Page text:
Cook

Solar lighting fixtures brighten North Woods School trails

Safer, accessible trails for recreation and education

Solar Lights the Way

 

The North Woods School and community partners in Cook, MN recently came together to serve the needs of diverse trail users in their cherished outdoor space, the School Forest. With the addition of solar-powered, efficient LED lighting, they have created a safe and accessible space for all where both education and recreation have bright futures.

 

Our goal from the start was a trail that was accessible to all community members. The future is bright for our trail system.

Richard E. Pierce, North Woods School, ISD 2142

Building a safe, well-lit and accessible trail

A CERTs Seed Grant helped the North Woods School (ISD 2142 St. Louis County Schools) and numerous project partners fund and install solar-powered trail lighting to improve the safety and accessibility of a two-mile, multi-use trail located in the Field-North Woods School Forest. Jointly managed by Field Township, North Woods School, and the Minnesota DNR School Forest Program, the School Forest and its trail system provides both education and recreation opportunities to the school, community members and visitors alike. Investing in solar trail lights maintains visibility and security, particularly after sunset, and opens up new opportunities for engaging students in clean energy technology.

Encouraging community participation in the process

Community was always a strong part of this project and planning process. Students and community volunteers have been working on clearing and building the multipurpose, non-motorized trail system for over five years. Leadership from North Woods School Principal John Vukmanich helped secure donations of 50 acres, materials, and time from nearby property owners to help build the trail system.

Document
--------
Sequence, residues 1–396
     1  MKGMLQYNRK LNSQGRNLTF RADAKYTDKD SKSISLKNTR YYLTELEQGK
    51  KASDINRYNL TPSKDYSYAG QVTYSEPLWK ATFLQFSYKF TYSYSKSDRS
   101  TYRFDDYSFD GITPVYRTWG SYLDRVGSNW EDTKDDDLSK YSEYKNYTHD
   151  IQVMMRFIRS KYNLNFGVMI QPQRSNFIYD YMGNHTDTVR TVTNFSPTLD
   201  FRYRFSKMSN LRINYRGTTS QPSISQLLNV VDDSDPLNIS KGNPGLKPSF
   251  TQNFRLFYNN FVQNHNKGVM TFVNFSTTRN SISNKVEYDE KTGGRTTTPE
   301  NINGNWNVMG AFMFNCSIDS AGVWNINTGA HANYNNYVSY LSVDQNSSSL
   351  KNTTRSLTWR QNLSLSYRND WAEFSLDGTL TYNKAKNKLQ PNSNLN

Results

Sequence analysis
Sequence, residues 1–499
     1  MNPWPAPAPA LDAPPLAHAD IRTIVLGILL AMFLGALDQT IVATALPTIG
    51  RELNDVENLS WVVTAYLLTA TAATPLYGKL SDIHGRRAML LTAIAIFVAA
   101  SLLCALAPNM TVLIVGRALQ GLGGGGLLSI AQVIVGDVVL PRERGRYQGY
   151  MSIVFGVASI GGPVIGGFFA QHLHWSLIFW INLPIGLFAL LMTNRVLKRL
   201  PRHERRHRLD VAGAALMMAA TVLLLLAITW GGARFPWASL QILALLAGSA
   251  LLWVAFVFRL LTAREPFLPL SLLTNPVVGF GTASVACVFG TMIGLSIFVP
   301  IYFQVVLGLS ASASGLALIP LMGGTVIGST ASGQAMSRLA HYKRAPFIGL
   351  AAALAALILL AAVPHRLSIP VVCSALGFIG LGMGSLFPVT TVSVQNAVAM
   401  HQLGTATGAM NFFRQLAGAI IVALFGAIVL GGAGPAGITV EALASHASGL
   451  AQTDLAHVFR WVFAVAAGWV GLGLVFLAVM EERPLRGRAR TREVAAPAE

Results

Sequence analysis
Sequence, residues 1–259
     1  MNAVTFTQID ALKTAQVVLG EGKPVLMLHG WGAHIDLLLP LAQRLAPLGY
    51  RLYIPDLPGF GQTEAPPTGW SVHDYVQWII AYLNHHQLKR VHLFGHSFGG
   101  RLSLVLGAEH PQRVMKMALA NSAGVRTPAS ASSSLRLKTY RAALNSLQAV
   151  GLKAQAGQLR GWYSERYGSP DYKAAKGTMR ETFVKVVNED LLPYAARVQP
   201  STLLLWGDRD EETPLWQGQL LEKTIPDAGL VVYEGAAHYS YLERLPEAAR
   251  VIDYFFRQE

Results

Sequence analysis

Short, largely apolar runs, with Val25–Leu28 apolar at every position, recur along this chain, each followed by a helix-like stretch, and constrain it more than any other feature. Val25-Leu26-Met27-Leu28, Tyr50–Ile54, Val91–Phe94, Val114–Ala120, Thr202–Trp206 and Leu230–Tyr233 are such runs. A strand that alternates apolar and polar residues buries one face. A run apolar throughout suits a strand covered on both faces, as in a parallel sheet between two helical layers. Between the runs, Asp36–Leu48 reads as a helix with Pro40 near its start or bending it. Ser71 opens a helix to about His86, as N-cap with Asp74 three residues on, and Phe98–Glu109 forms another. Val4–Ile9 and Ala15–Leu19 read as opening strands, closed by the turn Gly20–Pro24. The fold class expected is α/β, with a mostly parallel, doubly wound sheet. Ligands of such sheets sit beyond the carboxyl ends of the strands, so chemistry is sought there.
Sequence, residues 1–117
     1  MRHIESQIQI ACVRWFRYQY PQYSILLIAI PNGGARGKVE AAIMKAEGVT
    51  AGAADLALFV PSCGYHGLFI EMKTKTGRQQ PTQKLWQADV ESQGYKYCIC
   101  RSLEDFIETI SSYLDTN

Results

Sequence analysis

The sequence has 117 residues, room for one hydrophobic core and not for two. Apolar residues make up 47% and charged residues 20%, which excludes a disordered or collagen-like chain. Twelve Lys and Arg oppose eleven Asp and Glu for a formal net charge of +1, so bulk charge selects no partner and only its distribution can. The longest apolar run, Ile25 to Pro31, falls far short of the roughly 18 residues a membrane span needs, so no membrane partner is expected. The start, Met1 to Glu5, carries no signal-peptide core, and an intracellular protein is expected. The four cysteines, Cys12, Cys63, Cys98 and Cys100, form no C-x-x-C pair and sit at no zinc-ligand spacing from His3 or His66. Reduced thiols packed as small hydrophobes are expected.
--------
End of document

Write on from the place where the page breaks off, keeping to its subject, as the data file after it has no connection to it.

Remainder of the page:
The trail itself promotes healthy activities like hiking and biking, provides low-cost activities for all to enjoy, encourages a strong connection with the north woods, nature and wildlife, and promotes outdoor education. Solar pathways provide new ways to engage students in these experiences and help provide a multifunctional outdoor classroom that can be enjoyed by all grade levels. Teachers and members of the project team have explored the potential for other remote solar-powered sensing devices to collect data on water and air quality for use in the classroom and in research, and they are making connections to how renewable energy is growing across Minnesota.

trail lighting

Designing a solar pathway that fits trail needs

The Seed Grant project team researched available off-grid solar lighting technology and design elements that best fit the trail site and project goals for safety and accessibility, even in snowy conditions. Fundraising for and testing the system prior to installation ensured that the lighting quality met the project and site’s needs. With the design and installation led by a local installer, the lighting fixtures included two solar bridge lights and a small series of pathway lights.

All my students said, ‘Sure, Mr. Pierce, we’ll build your solar lights, test your ideas, record the data, write the grants, and stand beside you, in our quest for a brighter future—as long as we can go on nature walks.’ Teachers, take your students outdoors, no matter where you are located. As long as you practice safety, education without walls is a wonderful experience for all.

Richard E. Pierce, North Woods School, ISD 2142

Project Snapshot

 
  • Technology: Solar-powered lighting
  • Northeast CERT Seed Grant: $2,400
  • Total Project Cost: $11,350
  • Other Funds: DNR, township, school district, manufacturing association donation, utility
  • Project Team: Jennifer Ball - Northern Solar Light, Keith Aho - Field Township board chair, John Vukmanich - North Woods School Principal, Richard Pierce - ISD 2142, Steven Horndt - DNR
  • People Involved and Reached: 266
  • Annual Energy Savings: 350 kWh
 
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